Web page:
China Begins Using Anal Swabs To Test Covid As Cases Surge

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  1. Mahmoud Abudeif

    Mahmoud Abudeif Golden Member

    Mar 5, 2019
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    Beijing is using anal swabs to test its residents for coronavirus, a method that experts say is more accurate and raises the chances of detecting the virus.


    To collect test samples, the swab needs to be inserted about three to five centimetres (1.2 to 2 inches) into the rectum and rotated several times.

    After completing the motion twice, the swab is removed before being securely placed inside a sample container. The whole procedure is said to take about 10 seconds.

    The Chinese capital began using the derriere detecting method more frequently during a mass testing drive after a nine-year-old boy tested positive for the virus last week.

    Since January 17, more than three million residents in three Beijing districts have received coronavirus testing in a bid to stem the contagion, authorities said.

    More than 1,000 staff and students at the infected young patient's school also underwent a variety of nucleic acid tests including the anal swabs, reported state media.

    Anal swabs have been used in China to test coronavirus since last year, but the method is mainly used in key groups at quarantine centres because of its inconvenience, according to a Chinese disease control expert.

    Speaking to state broadcaster CCTV on Saturday, Li Tongzeng from Beijing You'an Hospital said that traces of the coronavirus linger longer in the anus or excrement than those samples taken from throat and nasal swabs.

    'We found that some asymptomatic patients tend to recover quickly. It's possible that there will be no trace of the virus in their throat after three to five days,' Li noted.

    'But the virus lasts longer from the samples taken from the patient's digestive tract and excrement, compared to the ones taken from the respiratory tract.

    'If we conduct anal swabs for nucleic acid testing, it would increase the detection rates of patients and lower the chance of a missed diagnosis,' the expert claimed.

    Ms Gao, a resident who was under quarantine in Tangshan city near Beijing, told reporters about her experience receiving the anal swab at a centralised isolation centre.

    A female health worker performed the procedure on her, the woman told The Beijing News. The whole test took about 10 seconds.

    '[She] inserted the cotton stick inside the rectum,' Ms Gao said. 'Rotated it a few times and took it out. She did it twice in total.'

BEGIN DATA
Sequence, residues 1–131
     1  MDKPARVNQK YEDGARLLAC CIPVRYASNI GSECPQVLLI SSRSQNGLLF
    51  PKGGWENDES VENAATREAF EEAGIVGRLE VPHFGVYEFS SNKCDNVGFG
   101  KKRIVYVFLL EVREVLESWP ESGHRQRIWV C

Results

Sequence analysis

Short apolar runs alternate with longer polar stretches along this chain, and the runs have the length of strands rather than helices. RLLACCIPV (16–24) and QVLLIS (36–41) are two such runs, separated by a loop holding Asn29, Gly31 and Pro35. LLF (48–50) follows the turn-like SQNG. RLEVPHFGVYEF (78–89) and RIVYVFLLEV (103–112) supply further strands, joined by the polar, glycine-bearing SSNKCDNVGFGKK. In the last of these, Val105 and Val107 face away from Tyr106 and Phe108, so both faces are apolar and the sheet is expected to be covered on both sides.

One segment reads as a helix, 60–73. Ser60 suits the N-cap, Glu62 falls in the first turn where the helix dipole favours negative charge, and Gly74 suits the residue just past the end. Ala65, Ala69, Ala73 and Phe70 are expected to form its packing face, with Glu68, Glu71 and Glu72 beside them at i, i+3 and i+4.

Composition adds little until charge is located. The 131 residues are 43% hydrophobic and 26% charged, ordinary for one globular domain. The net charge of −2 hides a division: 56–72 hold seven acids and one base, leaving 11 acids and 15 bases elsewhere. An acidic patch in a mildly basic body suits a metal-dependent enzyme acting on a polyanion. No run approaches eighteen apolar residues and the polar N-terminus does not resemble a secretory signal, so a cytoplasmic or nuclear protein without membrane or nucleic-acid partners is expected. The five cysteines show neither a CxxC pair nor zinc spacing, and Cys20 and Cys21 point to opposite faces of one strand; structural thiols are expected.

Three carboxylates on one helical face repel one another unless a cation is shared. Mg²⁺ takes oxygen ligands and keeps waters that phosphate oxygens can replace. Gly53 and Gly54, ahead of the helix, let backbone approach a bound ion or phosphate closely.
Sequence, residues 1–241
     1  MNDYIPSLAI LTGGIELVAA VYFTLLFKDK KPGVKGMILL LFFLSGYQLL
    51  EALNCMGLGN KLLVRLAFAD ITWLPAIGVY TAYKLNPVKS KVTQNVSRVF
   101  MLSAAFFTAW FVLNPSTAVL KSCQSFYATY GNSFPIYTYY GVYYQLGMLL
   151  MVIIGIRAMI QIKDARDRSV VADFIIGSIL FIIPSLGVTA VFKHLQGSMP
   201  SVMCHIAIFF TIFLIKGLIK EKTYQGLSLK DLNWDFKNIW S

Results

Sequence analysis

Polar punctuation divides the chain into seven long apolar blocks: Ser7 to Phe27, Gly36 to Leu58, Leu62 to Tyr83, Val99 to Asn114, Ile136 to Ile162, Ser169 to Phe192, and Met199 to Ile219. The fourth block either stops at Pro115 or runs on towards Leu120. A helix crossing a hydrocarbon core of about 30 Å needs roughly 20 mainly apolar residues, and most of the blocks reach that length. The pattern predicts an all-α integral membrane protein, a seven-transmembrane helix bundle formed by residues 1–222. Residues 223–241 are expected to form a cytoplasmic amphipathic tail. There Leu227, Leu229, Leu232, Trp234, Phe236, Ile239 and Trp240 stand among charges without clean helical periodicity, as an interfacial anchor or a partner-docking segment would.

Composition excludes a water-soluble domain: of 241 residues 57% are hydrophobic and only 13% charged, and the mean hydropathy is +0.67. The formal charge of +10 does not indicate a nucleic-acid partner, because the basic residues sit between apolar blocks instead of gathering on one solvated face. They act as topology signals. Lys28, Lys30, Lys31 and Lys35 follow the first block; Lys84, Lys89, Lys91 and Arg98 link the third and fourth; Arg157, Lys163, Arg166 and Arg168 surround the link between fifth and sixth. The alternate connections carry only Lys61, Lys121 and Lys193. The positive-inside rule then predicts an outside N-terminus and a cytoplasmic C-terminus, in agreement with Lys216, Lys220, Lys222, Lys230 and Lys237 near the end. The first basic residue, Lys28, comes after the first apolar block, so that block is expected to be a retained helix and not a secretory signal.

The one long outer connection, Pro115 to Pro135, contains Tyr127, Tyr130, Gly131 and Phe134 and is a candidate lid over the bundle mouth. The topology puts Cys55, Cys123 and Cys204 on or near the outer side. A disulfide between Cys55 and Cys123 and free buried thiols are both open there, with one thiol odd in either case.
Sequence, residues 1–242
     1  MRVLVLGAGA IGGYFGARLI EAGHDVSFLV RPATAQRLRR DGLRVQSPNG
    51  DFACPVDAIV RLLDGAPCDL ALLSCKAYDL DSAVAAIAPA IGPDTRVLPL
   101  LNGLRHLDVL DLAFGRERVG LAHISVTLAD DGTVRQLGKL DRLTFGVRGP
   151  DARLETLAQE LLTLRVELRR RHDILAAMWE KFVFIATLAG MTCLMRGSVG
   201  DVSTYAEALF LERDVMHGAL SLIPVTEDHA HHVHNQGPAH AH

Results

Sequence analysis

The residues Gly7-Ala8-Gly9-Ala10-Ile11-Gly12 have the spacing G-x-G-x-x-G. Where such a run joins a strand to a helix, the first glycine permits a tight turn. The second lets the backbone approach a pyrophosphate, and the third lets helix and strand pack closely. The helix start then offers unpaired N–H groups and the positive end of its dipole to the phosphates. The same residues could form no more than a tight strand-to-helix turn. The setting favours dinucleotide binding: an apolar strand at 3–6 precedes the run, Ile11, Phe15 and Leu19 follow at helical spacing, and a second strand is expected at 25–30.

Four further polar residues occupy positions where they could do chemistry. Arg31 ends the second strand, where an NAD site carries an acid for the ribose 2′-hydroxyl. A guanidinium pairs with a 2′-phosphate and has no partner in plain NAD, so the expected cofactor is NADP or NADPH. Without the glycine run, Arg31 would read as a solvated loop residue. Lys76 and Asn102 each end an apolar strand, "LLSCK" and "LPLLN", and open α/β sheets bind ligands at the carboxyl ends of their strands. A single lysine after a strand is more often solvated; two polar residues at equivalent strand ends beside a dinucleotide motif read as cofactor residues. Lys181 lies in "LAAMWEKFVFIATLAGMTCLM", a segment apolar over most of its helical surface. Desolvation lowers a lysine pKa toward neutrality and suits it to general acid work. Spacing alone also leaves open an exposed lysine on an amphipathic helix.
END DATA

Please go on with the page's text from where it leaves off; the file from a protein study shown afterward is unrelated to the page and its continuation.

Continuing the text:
As the testing method sparked a discussion online, a video widely circulated on Chinese social media shows a doctor holding a visual demonstration of the procedure.

    According to China's National Health Commission, the anal swab needs to be inserted about three to five centimetres (1.2 to 2 inches) into one's rectum and rotated for several times before being removed and securely placed inside a sample container.

    Users of China's popular Twitter-like Weibo social media platform reacted to the method with a mix of mirth and horror.

    'So lucky I returned to China earlier,' one user wrote.

    'Low harm, but extreme humiliation,' another said, using a laughing emoticon.

    Others who had undergone the procedure chimed in with dark humour.

    'I've done two anal swabs, every time I did one I had to do a throat swab afterwards - I was so scared the nurse would forget to use a new swab,' one Weibo user joked.

    But the accuracy and efficiency of anal swabs remain controversial among experts.

    Yang Zhanqiu, a deputy director of the pathogen biology department at Wuhan University, told state media Global Times that the nasal and throat swabs remain the most efficient test as the virus is proven to be contracted via one's upper respiratory tract rather than the digestive system.

    'There have been cases concerning the coronavirus testing positive in a patient's excrement, but no evidence has suggested it had been transmitted through one's digestive system,' Yang said.

    As cases rise around the world, China has imposed stricter requirements on international arrivals in an effort to keep domestic transmission close to zero.

    The country has also tightened restrictions domestically, with Beijing announcing that people from medium- or high-risk areas will be barred from the city from Thursday to reduce the risk of virus transmission over the Lunar New Year period.

    Meanwhile, arrivals into the country must have multiple negative test results and quarantine for at least 14 days in a designated hotel on arrival, with many cities and regions imposing additional home observation requirements.

    As of Wednesday, China has reported a total of 89,272 confirmed infections. Its death toll rose by one to 4,636 following an additional fatality on Monday.


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